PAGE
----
Last week, I received an inquiry from a Christian theologian interested in showing that “the postures of Yoga” (asana) are directly tied to Hinduism and thus, cannot be easily incorporated into daily life by Christians. While the origin of yoga is undoubtedly tied to the Hindu sacred texts, the Vedas and Upanishads, I struggled with his […]
Halloween has come and gone, without incident. Heidi Klum played it safe this year dressing as a crow, none of the neighborhood kids donned Lil’ Ganesh costumes after all, and my daughter Shruti’s first Halloween costume (an adorable pumpkin) was a hit.
But fresh on the heels of my Halloween hypothetical about the bona fides of dressing up as a Hindu deity, a real-life example of the ultra-fine line between good-natured fun and tasteless pot-shot. I give you…
Yes, this is a real Halloween costume. I know because every year,
around Halloween time, my inbox gets hit with a couple of emails from
outraged Krishna devotees about it. Usually, they demand that I help
spearhead a campaign against this blatantly offensive stuff.
addition to my work with the broader Hindu community, I also serve as
the North American communications director for ISKCON, the Hare Krishna
Personally, I don’t like the costume. I think its a
rather tasteless cheap shot at a misunderstood religious minority. And
adding insult to injury, its not even an accurate rendition — the
orange “robes” are all wrong; the tuft of hair (called a sikha) that monks keep is not usually braided like that; and that pseudo-Egyptian dance move is just lame.
does it cross the line? Is it offensive? Tasteless as it may be, does
it warrant the protests, boycotts, and letter-writing campaigns that
some would like to see?
I’m not sure, but my hunch is no.
doubt that manufacturers of such Hare Krishna costumes intended to
single out one faith to mock; I think they just saw an outlandish look
that — thanks to the fact that Krishna devotees zealously took the
faith to the streets, especially in the 1970s — is recognizable
enough to get spoofed. Seeing it in that light, having a Halloween costume modeled after you may even be seen as a bit of a compliment.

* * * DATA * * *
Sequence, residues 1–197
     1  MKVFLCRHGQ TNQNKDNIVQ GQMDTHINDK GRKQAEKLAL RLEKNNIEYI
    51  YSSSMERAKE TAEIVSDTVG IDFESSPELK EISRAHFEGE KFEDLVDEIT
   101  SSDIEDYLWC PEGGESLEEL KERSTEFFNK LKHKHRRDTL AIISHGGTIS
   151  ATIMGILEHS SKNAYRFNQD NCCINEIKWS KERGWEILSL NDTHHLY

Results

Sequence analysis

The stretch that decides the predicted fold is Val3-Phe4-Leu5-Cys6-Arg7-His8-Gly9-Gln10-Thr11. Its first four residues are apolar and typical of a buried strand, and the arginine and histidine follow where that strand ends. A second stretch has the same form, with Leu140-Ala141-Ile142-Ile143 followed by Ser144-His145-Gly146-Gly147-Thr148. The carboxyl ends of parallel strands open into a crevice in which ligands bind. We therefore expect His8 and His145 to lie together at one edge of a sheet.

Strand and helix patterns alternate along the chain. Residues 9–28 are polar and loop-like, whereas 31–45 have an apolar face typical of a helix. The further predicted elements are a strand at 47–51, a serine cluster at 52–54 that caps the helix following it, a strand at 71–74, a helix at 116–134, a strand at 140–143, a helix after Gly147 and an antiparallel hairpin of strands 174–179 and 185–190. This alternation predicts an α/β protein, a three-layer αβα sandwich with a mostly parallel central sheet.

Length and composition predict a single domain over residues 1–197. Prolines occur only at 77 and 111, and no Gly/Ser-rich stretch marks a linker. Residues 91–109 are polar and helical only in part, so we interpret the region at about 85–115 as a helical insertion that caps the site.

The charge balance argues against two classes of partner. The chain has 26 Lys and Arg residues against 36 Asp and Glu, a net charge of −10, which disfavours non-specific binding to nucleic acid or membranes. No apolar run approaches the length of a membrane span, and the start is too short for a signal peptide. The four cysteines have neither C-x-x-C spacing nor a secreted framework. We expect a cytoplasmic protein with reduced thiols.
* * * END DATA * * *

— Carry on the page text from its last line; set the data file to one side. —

Oh, and contrary to what my outraged Hindu friends
might think, other religions have been getting lampooned on Halloween
for years. Here are some examples (I’ve spared you the “naughty nun”
variety, but I trust you can use your imagination):
As for the folks wearing the
Hare Krishna costume… I imagine that very few of them mean any ill
will towards real Krishna devotees. Most of them probably know very
little about Krishna consciousness or Hinduism. As reader LinZi
commented on my previous post, “Halloween…doesn’t take itself
seriously… Halloween is about playing around,
dressing in costumes, and eating too much candy…” I tend to agree. In
fact, over the years I’ve bumped into more than a few
Halloween-Hare-Krishnas. They are invariably excited to learn that I am
the Real McCoy, a bit embarrassed by their choice of costume, genuinely
appreciative of my having enough of a sense of humor to be friendly
with them, and grateful for a crash course in what the Hare Krishna
movement is really all about.
when it comes to the Hare Krishna costume, maybe the best response is
to remind ourselves that Halloween and all its wackiness only comes
once a year, and to not take ourselves so seriously that we can’t enjoy
What do you think?
Post-script: File this one
under “Krishna gets the last laugh”… I remember reading an article
about two guys who decided that it would be funny to dress up as Hare
Krishna devotees for Halloween and hit the streets. As fate would have
it, they ran into the real Krishna devotees (who were amused by their
imitations) and hung out with them. They were so impressed by the
experience that some years later — you guessed it — they ended up
joining the Krishna devotees for real.